“At the end of the day I can get totally wacky because I’ve made mountains out of molehills. With meditation, I can keep them as molehills.” Ringo Starr
Meditation. I’ve studied if for over 15 years. All different types, in all different venues. I’ve taken classes from Buddhist monks. I’ve taught classes to adults and children in guided meditation. I’ve spent a weekend at a Zen Monastery eating in silence and wandering the gardens–no easy task because I LOVE to talk. I’ve sat in the lotus position, on my back, on my head, in my shower–you name it. I’ve read, and listened, and watched documentary after documentary. I find it fascinating that the elder Tibetan monks are able to enter into such a state of meditation that they actually call their peers into a circle and tell them when they are passing. Then they just do it. Right there. In the circle. While in the lotus position. Talk about focusing on the still.
I think the reason I find this so fascinating is that it has taken me 15 years to be able to sit for just 20 minutes while thinking of nothing. This may not sound like much of an accomplishment, but trust me. I have the monkey-ist of the monkey minds. Monkey mind on crack. Always hopping. Getting quiet has been one of my biggest challenges in this life.
“Meditation is painful in the beginning, but it bestows immortal Bliss and supreme joy in the end.” Swami Sivananda
Swami calls it. Painful because we are so used to the noise that the quiet freaks us the hell out. We sit and within 30 seconds we are filling the space (did you see how I moved you into the collective we?) with our long to-do lists. Supreme joy because meditation is the key to living your best life. You are healthier, more grounded, more connected. All you have to focus on is the not-to-do list.
What’s in it for me, you ask?
Chemically, we know cortisol (the stress guy) drops during meditation. We want our cortisol levels low because this helps with weight loss and maintenance. As a culture, we are stressed out, overworked, underpaid, or unemployed which is its own cortisol-generating conundrum. Cortisol up equals bad. Cortisol down equals good.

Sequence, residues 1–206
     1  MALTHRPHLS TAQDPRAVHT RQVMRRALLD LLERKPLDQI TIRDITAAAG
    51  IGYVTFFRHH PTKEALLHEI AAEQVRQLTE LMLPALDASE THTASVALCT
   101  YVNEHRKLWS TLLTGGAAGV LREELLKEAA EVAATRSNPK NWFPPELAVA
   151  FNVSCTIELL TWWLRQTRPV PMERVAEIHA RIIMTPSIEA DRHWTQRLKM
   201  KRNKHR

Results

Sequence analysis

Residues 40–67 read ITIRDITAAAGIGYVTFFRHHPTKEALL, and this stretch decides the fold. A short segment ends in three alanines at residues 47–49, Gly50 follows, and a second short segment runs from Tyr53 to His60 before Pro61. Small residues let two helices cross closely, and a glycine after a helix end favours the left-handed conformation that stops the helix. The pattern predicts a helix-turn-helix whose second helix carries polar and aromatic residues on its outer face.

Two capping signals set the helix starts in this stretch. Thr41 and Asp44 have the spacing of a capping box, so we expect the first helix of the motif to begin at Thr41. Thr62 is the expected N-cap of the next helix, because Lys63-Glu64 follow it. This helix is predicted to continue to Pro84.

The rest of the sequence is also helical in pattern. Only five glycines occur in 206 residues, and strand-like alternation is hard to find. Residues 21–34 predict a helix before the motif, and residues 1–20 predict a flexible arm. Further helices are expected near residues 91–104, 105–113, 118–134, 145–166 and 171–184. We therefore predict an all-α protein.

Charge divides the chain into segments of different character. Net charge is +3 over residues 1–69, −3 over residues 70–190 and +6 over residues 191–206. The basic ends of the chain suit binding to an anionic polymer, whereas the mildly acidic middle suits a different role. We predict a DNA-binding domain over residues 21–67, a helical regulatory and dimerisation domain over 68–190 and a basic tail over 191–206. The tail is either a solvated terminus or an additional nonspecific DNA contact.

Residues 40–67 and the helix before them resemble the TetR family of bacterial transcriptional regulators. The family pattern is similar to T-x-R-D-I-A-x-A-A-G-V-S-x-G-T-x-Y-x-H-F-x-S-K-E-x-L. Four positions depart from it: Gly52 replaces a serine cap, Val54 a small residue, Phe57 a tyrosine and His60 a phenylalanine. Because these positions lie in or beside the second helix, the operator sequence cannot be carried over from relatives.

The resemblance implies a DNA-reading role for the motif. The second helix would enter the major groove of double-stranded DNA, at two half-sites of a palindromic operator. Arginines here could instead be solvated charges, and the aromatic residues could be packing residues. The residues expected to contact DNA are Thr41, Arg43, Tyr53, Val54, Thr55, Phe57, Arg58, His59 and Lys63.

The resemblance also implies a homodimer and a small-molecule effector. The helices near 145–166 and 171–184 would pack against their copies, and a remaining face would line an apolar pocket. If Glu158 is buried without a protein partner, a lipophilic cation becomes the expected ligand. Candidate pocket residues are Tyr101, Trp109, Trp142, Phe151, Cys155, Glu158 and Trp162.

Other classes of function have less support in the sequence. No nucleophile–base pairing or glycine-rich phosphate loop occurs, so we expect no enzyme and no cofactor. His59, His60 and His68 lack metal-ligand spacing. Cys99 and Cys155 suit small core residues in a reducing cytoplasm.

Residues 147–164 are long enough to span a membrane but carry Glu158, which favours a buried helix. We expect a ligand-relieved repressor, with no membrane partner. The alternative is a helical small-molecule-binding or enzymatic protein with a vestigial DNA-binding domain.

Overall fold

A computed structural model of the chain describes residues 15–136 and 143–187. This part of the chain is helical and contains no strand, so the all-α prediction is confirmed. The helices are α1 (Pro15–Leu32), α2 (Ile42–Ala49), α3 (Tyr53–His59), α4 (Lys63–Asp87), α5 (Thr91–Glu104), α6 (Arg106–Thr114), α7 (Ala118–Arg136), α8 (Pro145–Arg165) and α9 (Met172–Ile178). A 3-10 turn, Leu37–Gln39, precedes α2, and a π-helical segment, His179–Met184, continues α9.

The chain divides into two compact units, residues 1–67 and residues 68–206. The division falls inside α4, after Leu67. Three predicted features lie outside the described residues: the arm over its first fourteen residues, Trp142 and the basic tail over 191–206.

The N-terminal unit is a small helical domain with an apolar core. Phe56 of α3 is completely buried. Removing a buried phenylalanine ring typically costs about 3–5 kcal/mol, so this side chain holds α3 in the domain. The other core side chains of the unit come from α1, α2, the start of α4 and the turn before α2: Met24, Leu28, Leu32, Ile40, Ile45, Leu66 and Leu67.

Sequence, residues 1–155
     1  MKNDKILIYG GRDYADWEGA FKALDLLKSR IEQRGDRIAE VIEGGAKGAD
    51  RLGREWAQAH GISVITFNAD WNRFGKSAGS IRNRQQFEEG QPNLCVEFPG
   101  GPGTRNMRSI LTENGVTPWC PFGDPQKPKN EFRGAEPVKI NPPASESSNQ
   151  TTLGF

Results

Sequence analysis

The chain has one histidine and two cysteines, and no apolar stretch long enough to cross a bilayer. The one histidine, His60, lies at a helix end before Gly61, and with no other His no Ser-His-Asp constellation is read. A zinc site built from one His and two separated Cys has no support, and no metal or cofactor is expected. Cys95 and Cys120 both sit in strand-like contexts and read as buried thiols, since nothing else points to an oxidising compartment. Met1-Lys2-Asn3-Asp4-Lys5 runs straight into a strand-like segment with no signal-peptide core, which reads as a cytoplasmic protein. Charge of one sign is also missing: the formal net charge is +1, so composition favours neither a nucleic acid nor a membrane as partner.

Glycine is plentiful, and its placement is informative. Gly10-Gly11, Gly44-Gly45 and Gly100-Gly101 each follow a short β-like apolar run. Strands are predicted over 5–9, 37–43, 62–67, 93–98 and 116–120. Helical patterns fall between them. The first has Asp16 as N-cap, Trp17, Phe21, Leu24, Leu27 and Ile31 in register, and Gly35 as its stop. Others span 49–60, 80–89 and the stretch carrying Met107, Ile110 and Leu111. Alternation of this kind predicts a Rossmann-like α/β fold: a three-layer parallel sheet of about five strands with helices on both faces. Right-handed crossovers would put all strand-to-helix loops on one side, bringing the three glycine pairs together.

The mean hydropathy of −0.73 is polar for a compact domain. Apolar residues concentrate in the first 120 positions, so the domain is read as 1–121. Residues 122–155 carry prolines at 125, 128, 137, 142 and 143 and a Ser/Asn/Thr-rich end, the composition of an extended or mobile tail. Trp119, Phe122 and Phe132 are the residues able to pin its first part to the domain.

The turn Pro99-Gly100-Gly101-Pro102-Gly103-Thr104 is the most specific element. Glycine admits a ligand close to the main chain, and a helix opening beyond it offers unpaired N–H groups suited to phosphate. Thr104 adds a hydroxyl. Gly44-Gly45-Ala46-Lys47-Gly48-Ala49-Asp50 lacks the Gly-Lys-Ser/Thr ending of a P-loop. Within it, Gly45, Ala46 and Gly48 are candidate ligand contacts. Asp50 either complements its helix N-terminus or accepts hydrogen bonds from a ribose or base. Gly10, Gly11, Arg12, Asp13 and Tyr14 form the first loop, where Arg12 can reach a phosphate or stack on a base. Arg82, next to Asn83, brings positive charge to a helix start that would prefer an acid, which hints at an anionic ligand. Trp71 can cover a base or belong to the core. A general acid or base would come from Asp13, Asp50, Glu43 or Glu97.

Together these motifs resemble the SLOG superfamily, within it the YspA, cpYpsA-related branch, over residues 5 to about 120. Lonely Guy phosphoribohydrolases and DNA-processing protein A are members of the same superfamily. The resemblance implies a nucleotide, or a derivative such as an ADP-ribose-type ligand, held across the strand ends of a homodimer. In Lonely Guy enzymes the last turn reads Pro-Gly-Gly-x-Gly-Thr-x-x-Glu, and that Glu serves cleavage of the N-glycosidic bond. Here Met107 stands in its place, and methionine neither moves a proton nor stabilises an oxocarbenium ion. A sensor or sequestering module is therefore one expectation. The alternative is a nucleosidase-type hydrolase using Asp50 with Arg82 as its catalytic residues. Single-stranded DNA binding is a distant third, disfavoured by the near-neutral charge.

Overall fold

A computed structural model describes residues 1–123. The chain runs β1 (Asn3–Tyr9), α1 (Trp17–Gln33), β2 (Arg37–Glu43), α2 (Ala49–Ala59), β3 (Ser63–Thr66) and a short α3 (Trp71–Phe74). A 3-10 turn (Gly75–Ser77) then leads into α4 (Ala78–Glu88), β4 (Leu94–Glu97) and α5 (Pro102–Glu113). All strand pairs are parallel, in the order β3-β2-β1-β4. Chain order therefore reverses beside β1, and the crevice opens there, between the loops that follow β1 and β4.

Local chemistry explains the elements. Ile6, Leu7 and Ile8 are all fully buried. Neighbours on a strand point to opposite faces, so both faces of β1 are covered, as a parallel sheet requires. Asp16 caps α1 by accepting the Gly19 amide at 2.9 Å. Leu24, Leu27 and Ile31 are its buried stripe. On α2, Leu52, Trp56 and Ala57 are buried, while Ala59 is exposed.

And focus. A free and natural Gingko Boloba. For me, it’s as if meditation clears the fog that keeps me from seeing what is most important in my life. When I am meditating daily, that fog stays away, and my priorities shift into focus. If I get out of my routine for one reason or another, the fog rolls back in. When you’re in the fog sometimes it’s hard to know that– until it clears.
At this point you’re either on board with me or you think I’m totally out there. Or maybe you’re a fencer. Before you judge, I encourage you to try just sitting for 30 seconds and breathing. It won’t be easy if you’ve never done it, but the rewards are far greater than you can imagine.
Close your eyes and breathe in as deeply as you can. I like to picture inhaling color, and every day is different. I let it come to me. Today was purple. Some times it’s colors I’ve never seen. But shade the air so you can visualize, and breathe that color in through your mouth and all the way down to your toes. Hold it. Then breathe it out and fill the entire room with it–and hold it. Then repeat. And repeat. And repeat. As your mind thinks of what you are going to make for dinner (and it will) picture the thoughts like passing signs on a freeway. Acknowledge them and let them pass. Then return to your breath. I have to say “Breathe in, breathe out” over and over again to keep my mind still–like today when it kept trying to compose this blog entry while we were being still. What a work in progress.
There are many prescriptions for meditation. This is my hybrid. You will find your own. You can’t do it wrong. Just give yourself the gift of a few seconds each day and be patient with yourself. It will come.
It takes many years to build a practice, but the beauty is you will see rewards immediately. Use things to anchor yourself in this stillness and place. I use a candle (which I take with me when I travel) to signal to the rest of me that where I light this candle, that’s where we will meditate. I also dedicate a meditation space in my home, although the meditation space we set up is used only sporadically and my favorite place is the shower. I like the water noise.
I’m not sure who said it, but I think it was Martin Luther King. Something about “I have too much to do today to skip my meditation.”
Taking time to be quiet gives you the focus, energy, and time you are missing back into your life. At least, it has for me.
Really, nemaste, is just et sam I am spelled backwards which is a lot to sit and think about right there.
Or to sit and not think about, Burl, right? Thanks for Dr. Seuss-ing up my Namaste. You must be a children’s book writer for teens…you know, YA…or wait, NA. Have you heard that one yet? Miss you!
Hi Jamie I just wanted to check in with you and say how much I am enjoying reading your daily thoughts. A way of getting to know you, yet also beneficial to my day. You are quite gifted. Sue
Sent from my iPad
Aw, Sue! Will you be first in line at my book signing? You always have such kind, inspirational words to share and I appreciate how you’re are always willing and on the ready with that. It makes my heart smile. And funny you should comment today because I was just thinking about you last night and wondering how you are. Thanks for reading, commenting, and just being Sue. Already excited about Nashville 2013. I hope you’re learning some line dances! (Note: good exercise!)